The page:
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Strange Arcs: Johnny Depp

The legendary actor was all over the place during this three-film stretch.

Johnny Depp
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    Strange Arcs is a new feature in which our film staff explore the unlikely, unusual, and downright bizarre career arcs of some of our favorite film industry mainstays.

    Johnny Depp has had an eclectic career, to say the least. He’s been wowing and confusing audiences for just over three decades now, popping up in every genre from horror films (Nightmare on Elm Street) to animated westerns (Rango) to comedies like his newest release, Mordecai. In addition to the genre-hopping, his career has also been defined by an oddball mix of high and low art. He manages to successfully churn out box-office bait like Pirates of the Caribbean and The Tourist alongside smaller indie films such as Jim Jarmusch’s Dead Man and Terry Gilliam’s Fear and Loathing in Las Vegas. And, of course, there are all the cult hits with long-time collaborator Tim Burton, who, at his best, creates worlds that allow Depp to disappear into character, to become an outsider, to camouflage those matinee-idol good looks and let his freak flag fly.

    To honor Mr. Depp’s bizarre cinematic journey, Consequence of Sound has decided to explore one of his strangest career arcs. These three consecutive roles in his filmography highlight just a few of the actor’s unexpected choices and unique characterizations. They showcase his versatility as a performer and his exceptional ability to walk that delicate line separating realism from absurdism. If this arc proves anything, it’s that you just can’t pin ol’ Johnny down.

    —Adriane Neuenschwander
    Staff Writer

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    Benny & Joon

    Benny-Joon-3-benny-and-joon-27775614-1434-936

    Year: 1993

    Director: Jeremiah Chechik

    Co-stars: Mary Stuart Masterson, Aidan Quinn, Julianne Moore

    Tagline: An eccentric drifter who idolizes Buster Keaton moves in with a mentally ill woman, Joon, and her older brother, Benny.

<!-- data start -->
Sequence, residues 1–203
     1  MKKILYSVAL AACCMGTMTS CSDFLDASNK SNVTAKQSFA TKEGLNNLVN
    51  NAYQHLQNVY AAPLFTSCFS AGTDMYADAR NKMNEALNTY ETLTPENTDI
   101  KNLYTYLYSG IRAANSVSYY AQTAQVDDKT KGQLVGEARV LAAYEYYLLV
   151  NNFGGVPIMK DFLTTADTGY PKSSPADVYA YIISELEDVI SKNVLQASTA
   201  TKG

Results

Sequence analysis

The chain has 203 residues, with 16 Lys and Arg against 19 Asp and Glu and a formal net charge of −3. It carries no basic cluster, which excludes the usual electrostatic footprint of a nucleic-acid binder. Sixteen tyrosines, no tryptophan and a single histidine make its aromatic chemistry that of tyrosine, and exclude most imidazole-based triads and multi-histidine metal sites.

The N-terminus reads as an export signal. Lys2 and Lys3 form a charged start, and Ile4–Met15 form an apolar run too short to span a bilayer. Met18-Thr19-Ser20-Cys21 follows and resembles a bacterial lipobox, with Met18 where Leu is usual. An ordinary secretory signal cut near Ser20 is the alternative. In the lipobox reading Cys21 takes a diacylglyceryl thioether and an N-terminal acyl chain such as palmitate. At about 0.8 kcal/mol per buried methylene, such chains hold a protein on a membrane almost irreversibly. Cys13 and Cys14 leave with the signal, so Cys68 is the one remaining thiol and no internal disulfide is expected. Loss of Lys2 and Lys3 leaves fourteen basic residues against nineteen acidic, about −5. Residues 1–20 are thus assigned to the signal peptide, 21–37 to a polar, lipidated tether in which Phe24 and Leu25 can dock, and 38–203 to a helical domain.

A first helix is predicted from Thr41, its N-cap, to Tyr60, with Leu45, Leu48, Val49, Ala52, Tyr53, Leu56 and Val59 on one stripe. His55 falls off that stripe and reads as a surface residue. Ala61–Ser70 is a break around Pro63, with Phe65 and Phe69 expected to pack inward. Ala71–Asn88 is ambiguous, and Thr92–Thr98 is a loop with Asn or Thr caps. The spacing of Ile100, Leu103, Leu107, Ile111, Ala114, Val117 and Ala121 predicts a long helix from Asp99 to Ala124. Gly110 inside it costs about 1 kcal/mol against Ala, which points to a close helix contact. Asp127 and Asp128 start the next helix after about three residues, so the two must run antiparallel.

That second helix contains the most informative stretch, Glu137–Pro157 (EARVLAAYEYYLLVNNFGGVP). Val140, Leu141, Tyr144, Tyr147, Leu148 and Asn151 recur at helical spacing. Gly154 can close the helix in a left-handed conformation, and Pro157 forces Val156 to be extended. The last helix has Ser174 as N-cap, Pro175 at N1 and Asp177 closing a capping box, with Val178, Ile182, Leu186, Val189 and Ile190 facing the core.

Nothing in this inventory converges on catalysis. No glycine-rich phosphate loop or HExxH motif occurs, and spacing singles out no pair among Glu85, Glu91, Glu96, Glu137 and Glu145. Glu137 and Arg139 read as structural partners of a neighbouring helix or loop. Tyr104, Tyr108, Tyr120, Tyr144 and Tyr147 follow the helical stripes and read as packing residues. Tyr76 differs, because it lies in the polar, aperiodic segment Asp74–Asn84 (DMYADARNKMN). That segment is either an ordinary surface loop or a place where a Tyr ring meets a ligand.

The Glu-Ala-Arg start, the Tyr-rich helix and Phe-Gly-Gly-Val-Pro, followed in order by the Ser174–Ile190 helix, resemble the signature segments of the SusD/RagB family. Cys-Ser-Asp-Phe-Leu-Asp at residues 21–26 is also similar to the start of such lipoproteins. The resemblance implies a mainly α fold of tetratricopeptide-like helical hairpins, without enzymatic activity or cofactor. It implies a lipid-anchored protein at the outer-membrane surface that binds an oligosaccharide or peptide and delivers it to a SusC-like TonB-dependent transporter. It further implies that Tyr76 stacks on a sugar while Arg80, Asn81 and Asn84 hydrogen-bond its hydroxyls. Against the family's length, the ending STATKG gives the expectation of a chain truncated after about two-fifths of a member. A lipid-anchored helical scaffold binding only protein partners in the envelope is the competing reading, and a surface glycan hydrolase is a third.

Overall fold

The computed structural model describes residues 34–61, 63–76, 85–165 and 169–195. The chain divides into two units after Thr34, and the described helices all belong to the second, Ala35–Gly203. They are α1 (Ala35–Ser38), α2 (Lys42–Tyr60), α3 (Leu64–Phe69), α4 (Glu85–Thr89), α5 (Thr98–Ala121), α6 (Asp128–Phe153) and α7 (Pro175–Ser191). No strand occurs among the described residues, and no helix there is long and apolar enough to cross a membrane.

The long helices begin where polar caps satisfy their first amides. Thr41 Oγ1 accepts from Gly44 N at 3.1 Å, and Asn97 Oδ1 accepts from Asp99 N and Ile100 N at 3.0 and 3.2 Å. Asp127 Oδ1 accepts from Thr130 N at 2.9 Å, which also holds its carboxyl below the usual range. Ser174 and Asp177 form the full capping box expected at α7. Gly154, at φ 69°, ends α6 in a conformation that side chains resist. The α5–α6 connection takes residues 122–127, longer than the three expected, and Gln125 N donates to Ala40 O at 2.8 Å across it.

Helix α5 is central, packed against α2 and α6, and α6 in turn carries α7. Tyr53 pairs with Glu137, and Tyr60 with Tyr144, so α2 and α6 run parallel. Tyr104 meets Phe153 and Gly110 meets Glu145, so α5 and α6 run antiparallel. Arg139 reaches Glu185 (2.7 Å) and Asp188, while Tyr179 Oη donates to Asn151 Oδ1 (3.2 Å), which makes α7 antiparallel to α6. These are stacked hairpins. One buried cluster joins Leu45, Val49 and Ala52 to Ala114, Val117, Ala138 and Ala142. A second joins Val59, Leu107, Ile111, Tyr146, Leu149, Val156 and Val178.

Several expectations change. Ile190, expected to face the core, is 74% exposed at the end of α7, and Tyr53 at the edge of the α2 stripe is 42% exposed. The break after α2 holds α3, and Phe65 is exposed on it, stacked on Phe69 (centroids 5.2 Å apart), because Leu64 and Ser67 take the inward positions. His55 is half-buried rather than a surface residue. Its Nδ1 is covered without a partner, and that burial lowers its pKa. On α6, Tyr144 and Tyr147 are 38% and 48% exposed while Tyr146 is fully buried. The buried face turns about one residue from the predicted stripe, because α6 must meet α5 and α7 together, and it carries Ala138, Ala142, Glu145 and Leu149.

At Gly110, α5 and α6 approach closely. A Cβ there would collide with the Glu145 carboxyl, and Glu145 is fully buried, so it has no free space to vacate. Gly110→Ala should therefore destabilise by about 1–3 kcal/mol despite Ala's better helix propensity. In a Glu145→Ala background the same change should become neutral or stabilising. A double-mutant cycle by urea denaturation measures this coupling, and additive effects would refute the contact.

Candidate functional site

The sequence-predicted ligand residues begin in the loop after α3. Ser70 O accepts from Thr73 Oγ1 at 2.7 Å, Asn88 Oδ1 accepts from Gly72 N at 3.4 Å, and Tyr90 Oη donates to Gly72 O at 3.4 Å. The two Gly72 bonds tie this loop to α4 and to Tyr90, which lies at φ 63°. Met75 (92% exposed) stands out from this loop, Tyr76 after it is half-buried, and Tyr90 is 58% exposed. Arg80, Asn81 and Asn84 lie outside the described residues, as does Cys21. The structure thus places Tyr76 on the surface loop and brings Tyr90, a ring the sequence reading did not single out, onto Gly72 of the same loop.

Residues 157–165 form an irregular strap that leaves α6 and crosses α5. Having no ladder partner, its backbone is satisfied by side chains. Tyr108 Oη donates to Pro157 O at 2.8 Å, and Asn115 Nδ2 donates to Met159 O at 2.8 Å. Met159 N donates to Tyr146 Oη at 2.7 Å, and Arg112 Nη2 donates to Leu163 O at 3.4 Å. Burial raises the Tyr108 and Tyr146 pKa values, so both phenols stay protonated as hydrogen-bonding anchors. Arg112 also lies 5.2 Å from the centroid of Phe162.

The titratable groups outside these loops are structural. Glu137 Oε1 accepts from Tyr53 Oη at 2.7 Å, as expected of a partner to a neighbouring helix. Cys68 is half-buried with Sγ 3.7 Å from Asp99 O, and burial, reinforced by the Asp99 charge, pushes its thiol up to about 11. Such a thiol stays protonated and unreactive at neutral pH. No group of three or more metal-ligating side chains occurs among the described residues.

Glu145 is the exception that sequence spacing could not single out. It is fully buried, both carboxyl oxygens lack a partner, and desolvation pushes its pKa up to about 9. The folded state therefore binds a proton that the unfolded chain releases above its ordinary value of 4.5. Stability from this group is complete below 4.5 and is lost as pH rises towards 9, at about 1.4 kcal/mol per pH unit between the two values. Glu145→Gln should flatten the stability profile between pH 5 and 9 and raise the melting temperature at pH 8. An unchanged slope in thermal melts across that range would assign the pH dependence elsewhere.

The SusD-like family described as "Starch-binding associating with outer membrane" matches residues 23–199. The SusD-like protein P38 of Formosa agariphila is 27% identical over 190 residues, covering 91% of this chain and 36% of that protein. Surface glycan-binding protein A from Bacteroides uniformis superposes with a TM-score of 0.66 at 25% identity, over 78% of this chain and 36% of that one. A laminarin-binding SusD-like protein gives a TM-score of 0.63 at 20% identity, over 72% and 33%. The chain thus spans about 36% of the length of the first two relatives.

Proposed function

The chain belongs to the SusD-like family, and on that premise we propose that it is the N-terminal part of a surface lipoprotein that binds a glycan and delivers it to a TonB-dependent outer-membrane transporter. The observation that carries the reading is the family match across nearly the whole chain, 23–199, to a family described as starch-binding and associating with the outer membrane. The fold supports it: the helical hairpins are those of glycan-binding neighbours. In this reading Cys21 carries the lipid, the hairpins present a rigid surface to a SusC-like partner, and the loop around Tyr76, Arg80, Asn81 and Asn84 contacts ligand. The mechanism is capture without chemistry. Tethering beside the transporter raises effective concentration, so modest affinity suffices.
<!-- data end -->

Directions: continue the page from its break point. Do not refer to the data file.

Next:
Why It’s a Departure: Depp had played offbeat before this role, most notably as the title characters in 1990’s one-two-punch of Cry-Baby and Edward Scissorhands, but tackling Sam was an altogether different exercise. Here Depp plays an oddball who is grounded in reality, not in some heightened fantasy world like the satirical James Dean-Danny Zuko hybrid of Cry-Baby or the sweet fairytale-Frankenstein creation of Edward. Still, the real world doesn’t seem to agree with this guy, either. Sam prefers to live in an alternate timeframe (Keaton’s 1920s heyday, presumably, in both silent movie-era costume and behavior) and is someone who, in his avoidance of reality and misinterpretation of social cues, wouldn’t be a stretch to diagnose as being on the autism spectrum. Joon has an unspecified mental illness as well, and watching Sam interact with her — connecting on a level that few others outside of their inverted world can access or even understand, much less tolerate — is a revelation, providing many of the film’s most charming and touching moments.

    Most Eccentric Moment: Although it’s tough to pick just one (Sam’s introduction via spinning hubcab? The hat pickup routine in the park? The slow-motion shot of Sam all doe-eyed, swinging outside Joon’s hospital window? Don’t make me choose!), I will admit to having a favorite: the ironing of grilled cheese sandwiches.

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    Signature Scene: Sam’s diner dance, culminating in a spontaneous, go-for-broke performance of Julianne Moore’s character’s climactic death scene in a B-horror movie. —Leah Pickett

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